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Religious and Psychological Influences on Dream Recall

The anthropologist Tanya Luhrmann wrote aop-ed recently about all of my favorite topics: dreams, sleep, religion, psychology, culture, and science. I wrote a letter in response, focusing on the religious studies angle of her argument. There's an intriguing psychological angle, too: a great deal of research shows that people's attitudes about dreams can have a direct impact on the their dream recall frequency.
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The anthropologist Tanya Luhrmann wrote a New York Times op-ed recently about all of my favorite topics: dreams, sleep, religion, psychology, culture, and science. In "To Dream in Different Cultures," Luhrmann suggested that different beliefs and practices regarding sleep can lead people to have to different kinds of dream experiences. I wrote a letter in response, focusing on the religious studies angle of her argument. There's an intriguing psychological angle, too: a great deal of research shows that people's attitudes about dreams can have a direct impact on the their dream recall frequency.

I originally wanted to make both points because together they strongly support Luhrmann's notion that people's dream experiences are dynamically interactive with their cultural environment. But that was more than could fit in the available space, so I left the psychology research out.

Now I can put both pieces together, the religious and the psychological, to offer a more interdisciplinary response to Luhrmann's essay.

First, the letter:

In "To Dream in Different Cultures" (May 13, 2014), T.M. Luhrmann writes that "the intriguing question is whether different sleep cultures encourage different patterns of spiritual and supernatural experience." The answer from the history of religions is clearly yes.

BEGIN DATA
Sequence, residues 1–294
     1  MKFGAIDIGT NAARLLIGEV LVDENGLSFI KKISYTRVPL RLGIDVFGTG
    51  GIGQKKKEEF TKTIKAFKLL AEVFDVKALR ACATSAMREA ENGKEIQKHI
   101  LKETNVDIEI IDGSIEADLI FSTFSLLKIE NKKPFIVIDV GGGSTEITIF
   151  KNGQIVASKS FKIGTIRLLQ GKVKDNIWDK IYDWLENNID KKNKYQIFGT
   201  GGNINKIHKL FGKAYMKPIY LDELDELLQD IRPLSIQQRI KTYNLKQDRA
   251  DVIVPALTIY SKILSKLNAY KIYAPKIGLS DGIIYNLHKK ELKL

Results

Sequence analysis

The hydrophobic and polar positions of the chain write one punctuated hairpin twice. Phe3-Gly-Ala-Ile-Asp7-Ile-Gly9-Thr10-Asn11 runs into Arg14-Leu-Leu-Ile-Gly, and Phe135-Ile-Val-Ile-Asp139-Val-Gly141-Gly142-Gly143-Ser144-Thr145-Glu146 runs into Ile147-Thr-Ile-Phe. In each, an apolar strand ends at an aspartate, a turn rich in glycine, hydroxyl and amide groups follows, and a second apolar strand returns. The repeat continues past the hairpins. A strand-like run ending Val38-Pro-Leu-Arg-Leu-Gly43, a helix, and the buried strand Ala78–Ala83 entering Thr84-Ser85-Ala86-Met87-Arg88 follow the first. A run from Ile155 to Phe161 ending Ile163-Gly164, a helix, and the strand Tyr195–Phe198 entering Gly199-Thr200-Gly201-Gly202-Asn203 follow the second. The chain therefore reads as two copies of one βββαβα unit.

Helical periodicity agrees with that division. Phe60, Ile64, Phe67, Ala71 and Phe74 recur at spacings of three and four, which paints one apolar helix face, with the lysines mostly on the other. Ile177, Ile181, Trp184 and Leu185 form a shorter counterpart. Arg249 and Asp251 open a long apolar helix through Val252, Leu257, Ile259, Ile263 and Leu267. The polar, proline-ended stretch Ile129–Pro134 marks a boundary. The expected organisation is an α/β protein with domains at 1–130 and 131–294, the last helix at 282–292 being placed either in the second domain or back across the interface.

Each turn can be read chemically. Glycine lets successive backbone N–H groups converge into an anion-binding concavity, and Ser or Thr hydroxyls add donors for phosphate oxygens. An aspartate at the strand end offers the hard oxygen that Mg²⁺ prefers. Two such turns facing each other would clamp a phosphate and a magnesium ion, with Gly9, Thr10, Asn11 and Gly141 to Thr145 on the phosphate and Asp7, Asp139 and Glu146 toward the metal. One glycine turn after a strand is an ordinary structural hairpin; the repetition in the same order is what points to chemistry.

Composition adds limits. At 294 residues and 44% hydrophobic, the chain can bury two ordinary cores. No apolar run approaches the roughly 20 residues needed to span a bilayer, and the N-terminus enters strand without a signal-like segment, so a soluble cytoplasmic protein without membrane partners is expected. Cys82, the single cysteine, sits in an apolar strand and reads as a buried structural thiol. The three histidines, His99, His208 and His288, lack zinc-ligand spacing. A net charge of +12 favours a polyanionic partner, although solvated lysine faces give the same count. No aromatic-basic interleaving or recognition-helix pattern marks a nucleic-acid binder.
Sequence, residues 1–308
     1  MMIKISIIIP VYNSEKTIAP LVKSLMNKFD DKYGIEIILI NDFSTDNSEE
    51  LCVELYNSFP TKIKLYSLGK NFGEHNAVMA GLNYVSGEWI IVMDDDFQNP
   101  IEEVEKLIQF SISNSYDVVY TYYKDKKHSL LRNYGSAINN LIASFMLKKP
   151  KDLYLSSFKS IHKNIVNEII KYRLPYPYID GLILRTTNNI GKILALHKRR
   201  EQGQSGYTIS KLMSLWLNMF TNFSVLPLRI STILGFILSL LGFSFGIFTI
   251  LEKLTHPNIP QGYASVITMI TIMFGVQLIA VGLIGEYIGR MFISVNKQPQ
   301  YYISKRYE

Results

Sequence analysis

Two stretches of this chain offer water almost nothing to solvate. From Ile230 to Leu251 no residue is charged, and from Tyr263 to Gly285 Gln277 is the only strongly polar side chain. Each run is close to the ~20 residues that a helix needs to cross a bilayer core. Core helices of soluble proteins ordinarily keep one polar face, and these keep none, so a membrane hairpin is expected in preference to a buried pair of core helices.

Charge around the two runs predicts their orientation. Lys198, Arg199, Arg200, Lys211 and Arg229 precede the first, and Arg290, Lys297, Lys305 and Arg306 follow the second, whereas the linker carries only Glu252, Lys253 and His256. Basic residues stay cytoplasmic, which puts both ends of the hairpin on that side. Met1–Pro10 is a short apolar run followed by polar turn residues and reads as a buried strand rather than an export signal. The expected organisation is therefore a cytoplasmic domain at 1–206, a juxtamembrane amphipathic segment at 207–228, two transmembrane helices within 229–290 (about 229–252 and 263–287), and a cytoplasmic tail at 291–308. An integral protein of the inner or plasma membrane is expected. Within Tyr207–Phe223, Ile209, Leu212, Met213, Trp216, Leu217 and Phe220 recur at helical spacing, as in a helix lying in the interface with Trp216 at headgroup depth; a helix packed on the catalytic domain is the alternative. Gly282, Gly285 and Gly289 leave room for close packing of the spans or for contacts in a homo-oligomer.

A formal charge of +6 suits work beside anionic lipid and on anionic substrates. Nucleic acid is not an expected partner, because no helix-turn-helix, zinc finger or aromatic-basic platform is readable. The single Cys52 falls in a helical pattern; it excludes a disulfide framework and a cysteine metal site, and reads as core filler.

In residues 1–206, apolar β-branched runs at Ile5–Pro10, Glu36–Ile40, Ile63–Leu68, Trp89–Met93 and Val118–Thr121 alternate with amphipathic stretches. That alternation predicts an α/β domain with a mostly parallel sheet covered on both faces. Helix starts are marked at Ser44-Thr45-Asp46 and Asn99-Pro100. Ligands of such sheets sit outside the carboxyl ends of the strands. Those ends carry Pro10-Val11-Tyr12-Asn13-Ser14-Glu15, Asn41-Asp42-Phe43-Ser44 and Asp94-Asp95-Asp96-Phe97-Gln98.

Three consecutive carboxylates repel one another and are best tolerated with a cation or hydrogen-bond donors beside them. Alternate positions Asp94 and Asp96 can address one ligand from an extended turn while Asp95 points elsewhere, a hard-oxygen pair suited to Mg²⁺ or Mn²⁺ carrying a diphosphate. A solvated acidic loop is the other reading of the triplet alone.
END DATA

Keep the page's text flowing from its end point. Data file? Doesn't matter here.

People in monotheistic traditions like Judaism, Christianity, and Islam report dream revelations of God, angels, and demons. People from "wisdom" traditions like Buddhism and Daoism have ego-less dreams of transcendent awareness. People from Native American traditions dream of animal spirits and ancestral guides.

Each type of dream has a profound meaning within its cultural environment, but that meaning can be lost when interpreted from a different context (e.g., a Native American ancestor dream might look like a demonic temptation to a Christian missionary).

As Ms. Luhrmann suggests, we should keep these different cultural frameworks in mind when we use modern psychological theories to explain various kinds of religious experience.

Second, the psychological research:

Many studies have looked at possible correlations between personality and dream recall frequencies, without much success. People with the qualities of openness to experience, absorption, and thin boundaries (in Ernest Hartmann's sense of the term) are more likely to be high dream recallers, but the effect is not very strong.

The psychoanalytic concept of repression also seems to play a role in dream recall. Whatever you think of Freud's theories, it seems reasonable to accept his premise that people are less likely to remember (or to admit to remembering) dreams with disturbing, immoral, socially taboo content.

Experimental studies have shown the variability of dream recall depends partly on external circumstances. Many different factors can impede people's ability to remember their dreams, including pathologies of sleep (e.g., apnea, insomnia), stressful problems in waking life, use of alcohol and drugs (many of which have the side-effect of diminished dream recall), the sleep behavior of bedtime partners (e.g., spouses, children, pets), and adverse conditions during the process of awakening.